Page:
Daniele Gounord, the spokeswoman for the CoS in France, has now made a blog entry about the result of Google's most researched terms for the "What is..." topic, about which I commented back in Dec 10. It's in French. Among others, she claims that :
La religion de Scientologie a été fondée par Ron Hubbard. La première église a été établie aux États-Unis en 1954. Depuis lors, le Scientologie s’est développée et compte plus de 7500 églises, missions et groupes et plus de 10 millions de membres dans 164 pays.
(More than 7,500 churches, missions, and groups, and more than 10 million members in 164 countries.)

Now the 10 million figure (growing from 8 million a while ago) is most probably an inflated one, but the 7,500 figure for the various type of Scientology organizations around the world should be something that could objectively be verified.

If true and if you count an average of 10 members by organization, that would make the total figure to 75,000. Let's be generous and say there really are 20 per organization on average, that would bring us to 150,000, which I think is a relatively fair representation. Make that 300,000 and you probably won't be far off from the truth.

Back in the 1970's, when I believe the number of people attending courses was higher than it is now, we indeed had maybe 20 to 40 persons regularly attending courses in the average-sized organization where I was staff. However, we did have a "central file" of more than 2,000 persons to whom we would mail promotional material from time to time. If now you multiply 7,500 by 2,000, of course you get a figure of 15 million.

The CoS probably takes its 10 million figure from something like the central file, but it really is not very representative. The central file is made of every person who ever gave their address to the CoS, either buying a book or even just taking the personality test. Their address would probably be pulled out from the file if they write back asking for it, but if they just throw the promotional literature they receive in the garbage, their address would still be there and counted among the 10 million.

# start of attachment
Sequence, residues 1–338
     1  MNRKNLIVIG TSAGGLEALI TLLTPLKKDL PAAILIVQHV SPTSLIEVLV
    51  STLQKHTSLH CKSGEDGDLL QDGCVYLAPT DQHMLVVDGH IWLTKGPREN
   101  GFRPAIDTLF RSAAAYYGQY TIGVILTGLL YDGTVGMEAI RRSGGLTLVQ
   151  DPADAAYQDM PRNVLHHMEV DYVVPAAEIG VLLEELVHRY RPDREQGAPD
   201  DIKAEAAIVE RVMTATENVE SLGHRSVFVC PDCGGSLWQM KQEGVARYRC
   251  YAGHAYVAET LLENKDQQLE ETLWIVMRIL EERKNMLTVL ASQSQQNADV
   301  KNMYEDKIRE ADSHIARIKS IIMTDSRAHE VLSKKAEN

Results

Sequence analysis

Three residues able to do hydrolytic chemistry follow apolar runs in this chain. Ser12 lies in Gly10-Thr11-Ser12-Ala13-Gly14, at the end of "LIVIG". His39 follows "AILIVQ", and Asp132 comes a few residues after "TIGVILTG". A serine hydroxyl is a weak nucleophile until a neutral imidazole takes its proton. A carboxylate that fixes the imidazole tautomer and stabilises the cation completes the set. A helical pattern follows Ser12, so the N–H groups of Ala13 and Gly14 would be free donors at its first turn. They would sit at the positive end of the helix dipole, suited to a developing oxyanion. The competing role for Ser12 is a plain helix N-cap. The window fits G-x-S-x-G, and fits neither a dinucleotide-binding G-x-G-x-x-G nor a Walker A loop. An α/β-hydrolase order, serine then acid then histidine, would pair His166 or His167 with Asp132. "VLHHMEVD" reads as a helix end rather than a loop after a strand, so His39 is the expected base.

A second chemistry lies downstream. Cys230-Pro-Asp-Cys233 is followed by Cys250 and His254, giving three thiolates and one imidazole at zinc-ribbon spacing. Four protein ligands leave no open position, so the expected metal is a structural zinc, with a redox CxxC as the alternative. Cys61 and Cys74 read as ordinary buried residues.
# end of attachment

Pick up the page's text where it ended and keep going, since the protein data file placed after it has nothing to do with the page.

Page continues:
Diskeeper Story Picked Up by The Register

The register now picked up the Diskeeper story, previously reported on Slashdot.

Check also the two interesting legal analysis by would-be lawyers Tikk and henri, taken from the Diskeeper discussion thread in ARS.

Take into account, though, that the two are prominent anti-Scientologists, justifying arbitrary bans on their supposedly "free speech" pet IRC channel which they share with Dave Touretzky, and thus make room for massive bias and misinterpretations.

Bye Bye Bush Shoes

An hilarious article at http://news.bbc.co.uk/2/hi/middle_east/7796047.stm:
"The Syrians claim the shoes were made in Syria and the Turks say they made them. Some say he bought them in Egypt. But as far as I know, he bought them in Baghdad and they were made in Iraq, " the brother of shoe-throwing journalist Muntader al-Zaiditold the AFP news agency.
This does not prevents the Turkish firm, Istanbul-based Baydan Shoes, to be mostly recognized as the maker of the shoe, until then called "Model 271", but now renamed "Bush Shoe" or "Bye Bye Bush Shoes".

He is overwhelmed by orders and have had to hire 100 extra staff to face demands, including from the US (18,000 pairs) and Iraq (15,000), while a British distributor has asked to be the firm's exclusive European sales representative.

Related blog entries - R-Bushoe-